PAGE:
This is an ongoing process for pretty much all of us, as we’re constantly changing and evolving. In my case, I write heavy music. Crejuvent is my primary vehicle for this perpetual exploration. I need a project where I’m allowed to be as true to myself as possible as I seem to have a lot of unresolved issues to work through. The result is a project that’s thematically robust, although a bit jarring. It’s somewhat uncomfortable and it can put a lot of people off.

That’s pretty much how I feel all the time. 

I can proudly say that the music I make as Crejuvent IS me, as it’s as honest a representation and an exploration I can construct. And the results of me putting the music out there for people resonate with me. I know a lot of respectable musicians that have listened to the music, and their thoughts are pretty much the same: “You’re a great musician, so why make something like this?” And as a result, I don’t get taken very seriously. This is very in-keeping of my subconscious need to self-sabotage any chance I have of happiness and human relationships. I’ve done it with friends, with partners, with people I care about, and I do it in my art as well.

Not out of choice, mind you. It’s just an unfortunate side effect of living with a mental illness. But in saying that, it sounds like I’m trying to skirt away from any responsibilities for my actions, and just being like “ah well, that’s just life”.

But that’s not entirely the case. I’m saying that and trying to admit that to myself as a means to improve. The first step in getting better is realising there’s a problem to begin with. And I hope that I can work through whatever issues I may have by writing angry music about it. 

If you’ve listened to my music at all, or followed me on social media or whatever, you’ll notice there’s also a sense of irony and humour to what I do. That’s mostly there as a safety net. I HAVE to laugh at myself and at my issues somewhat, because the alternative would be succumbing to it and letting it take over. 


The point is this: if you’re a creative person in some capacity or you’re trying to create something good and pure, then don’t compromise. As good or nasty (such as in my particular case) as the truth may be, you will only be lying to yourself and consequently to your audience by compromising. When creating, you have to surrender to yourself.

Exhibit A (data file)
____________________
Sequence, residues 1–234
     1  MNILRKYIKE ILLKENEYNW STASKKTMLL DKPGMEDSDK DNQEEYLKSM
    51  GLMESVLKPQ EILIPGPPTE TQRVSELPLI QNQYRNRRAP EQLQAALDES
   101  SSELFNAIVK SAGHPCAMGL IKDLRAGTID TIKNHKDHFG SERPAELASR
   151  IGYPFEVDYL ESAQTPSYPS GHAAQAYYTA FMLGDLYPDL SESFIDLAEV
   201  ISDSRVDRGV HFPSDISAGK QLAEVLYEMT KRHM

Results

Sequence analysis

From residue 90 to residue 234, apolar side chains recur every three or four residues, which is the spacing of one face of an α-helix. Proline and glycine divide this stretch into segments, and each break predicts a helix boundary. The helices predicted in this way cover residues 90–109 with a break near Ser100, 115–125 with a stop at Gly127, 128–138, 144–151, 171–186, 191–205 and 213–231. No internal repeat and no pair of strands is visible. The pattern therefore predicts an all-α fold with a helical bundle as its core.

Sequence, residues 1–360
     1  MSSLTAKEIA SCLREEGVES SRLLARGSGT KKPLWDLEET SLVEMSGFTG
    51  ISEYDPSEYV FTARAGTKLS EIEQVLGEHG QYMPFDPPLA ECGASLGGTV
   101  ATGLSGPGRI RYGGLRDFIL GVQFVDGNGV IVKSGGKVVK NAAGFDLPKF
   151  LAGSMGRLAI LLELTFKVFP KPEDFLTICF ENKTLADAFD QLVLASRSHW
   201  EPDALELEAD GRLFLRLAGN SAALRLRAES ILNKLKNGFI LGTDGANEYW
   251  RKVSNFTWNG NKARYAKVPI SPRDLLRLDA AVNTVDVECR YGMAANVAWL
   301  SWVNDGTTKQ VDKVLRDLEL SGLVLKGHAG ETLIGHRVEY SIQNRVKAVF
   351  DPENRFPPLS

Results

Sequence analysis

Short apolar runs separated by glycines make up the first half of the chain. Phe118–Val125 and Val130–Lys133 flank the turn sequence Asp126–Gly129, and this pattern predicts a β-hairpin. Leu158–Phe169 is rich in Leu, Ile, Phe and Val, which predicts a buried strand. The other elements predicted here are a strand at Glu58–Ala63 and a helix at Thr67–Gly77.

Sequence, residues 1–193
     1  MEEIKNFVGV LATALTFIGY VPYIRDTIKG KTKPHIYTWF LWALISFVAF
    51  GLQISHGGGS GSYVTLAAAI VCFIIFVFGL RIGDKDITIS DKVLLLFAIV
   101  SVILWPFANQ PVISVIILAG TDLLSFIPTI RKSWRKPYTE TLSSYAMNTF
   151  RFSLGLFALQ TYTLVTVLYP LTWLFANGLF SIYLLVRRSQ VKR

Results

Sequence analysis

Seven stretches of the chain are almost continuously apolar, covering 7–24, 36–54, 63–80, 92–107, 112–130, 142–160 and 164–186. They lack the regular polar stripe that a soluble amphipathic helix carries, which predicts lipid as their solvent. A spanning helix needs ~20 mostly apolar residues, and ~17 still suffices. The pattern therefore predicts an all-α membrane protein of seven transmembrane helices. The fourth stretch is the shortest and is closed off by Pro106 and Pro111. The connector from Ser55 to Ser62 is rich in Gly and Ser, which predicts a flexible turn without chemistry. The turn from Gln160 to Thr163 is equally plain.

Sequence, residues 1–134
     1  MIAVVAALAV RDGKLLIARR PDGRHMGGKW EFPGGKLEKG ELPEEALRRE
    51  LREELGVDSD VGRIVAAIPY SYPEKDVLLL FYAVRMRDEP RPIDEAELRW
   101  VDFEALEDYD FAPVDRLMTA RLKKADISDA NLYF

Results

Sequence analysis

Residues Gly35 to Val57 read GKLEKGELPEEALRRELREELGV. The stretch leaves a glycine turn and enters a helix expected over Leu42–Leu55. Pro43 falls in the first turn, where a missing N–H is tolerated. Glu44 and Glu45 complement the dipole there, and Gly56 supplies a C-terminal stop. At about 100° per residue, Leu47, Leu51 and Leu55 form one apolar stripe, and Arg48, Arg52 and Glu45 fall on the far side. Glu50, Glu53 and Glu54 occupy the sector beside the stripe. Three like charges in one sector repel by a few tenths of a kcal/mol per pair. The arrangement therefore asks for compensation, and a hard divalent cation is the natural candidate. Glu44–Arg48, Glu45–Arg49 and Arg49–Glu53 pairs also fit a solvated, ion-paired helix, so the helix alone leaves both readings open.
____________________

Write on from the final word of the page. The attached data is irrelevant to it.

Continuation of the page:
Crejuvent on Facebook

116 Days of Summer Guests: VAYA

VAYA

VAYA

-A NEW SOUND FROM THE ELDERS-

Have you ever heard about a little girl bound with the Wild Life and the
Nature’s Law? She was called Vahia, the little one. Then the child
became a woman almost forgetting the white wolf blood running into her
veins.
Once she woke up after a big life nightmare; she was in trouble. She
took her bag pack , a candle, her leather book and took a bus for « no
where ». She walked into a deep forest and just sat down under a old
tree and looked up to the sky: « So, and now? ». She was 33 years old.
And she remembered this guy, some months ago, who was looking
deeply at her; He was able to read her soul and she came to him without
any reasons she was guided.
« My name is Vahia »
« Do you know the story of Vahia? »
« No »
« She was the daughter of a native Indian chief from north of America.
Then she was kidnapped by wolves who took her into the forest. 30
years old she came back to the human life and was able to heal with all
the knowledge of Animals and Nature. Then she died at 33 years. And
she reincarnated her soul through a little girl ». And he was looking more
deeply through Vahia eyes.
Before the night seized the all forest into the dark, she closed her eyes
and felt a mystical energy ruling her mind: all the white pages of her
leather book were printed with innumerable lyrics. The blow of the white
wolf was dancing around her murmuring all that vibrations: voices of
native Indian, like warriors roars swimming on real strong drums: a
captivating orchestra coming from the deepest roots of human being.
The little Vahia became VAYA:
« He became my spirit tiara And I promised to be his princess forever » (
VAYA track extract// VAYA DOUBLE ALBUM).
The pact was done between her and the soul of the white wolf. And so
began the Legend of the white wolf named VAYA.
Till now the great spirit from the elders through its wild white wolf is
dancing on the stages by VAYA’s strong and animal voices and rough

drums surrounded by psychedelic rock music tones. VAYA wakes up
your deepest animal part, an elusive shiver into your spine.
And what’s the next chapter of this wild story? Because VAYA is able to
receive the all wild life, when she arrived into Canada, someone
knocked at her door.
« Hi, come in! »
The second Opus will be ruled by the flow of the white tiger: « A way to
integrate your full madness » ( SEXUAL track extract // VAYA SECOND
OPUS)
For this Automn you will discover one of its fang through a « video-short
movie », realized in Japan and recorded in Toronto at Union Sound; an

opened door on a first song of the next coming up album:
Come and have a dance between wolf and tiger: That is what defines
simply the sacred fire:
VAYA as people says « She is unique ».

https://www.vaya-official.com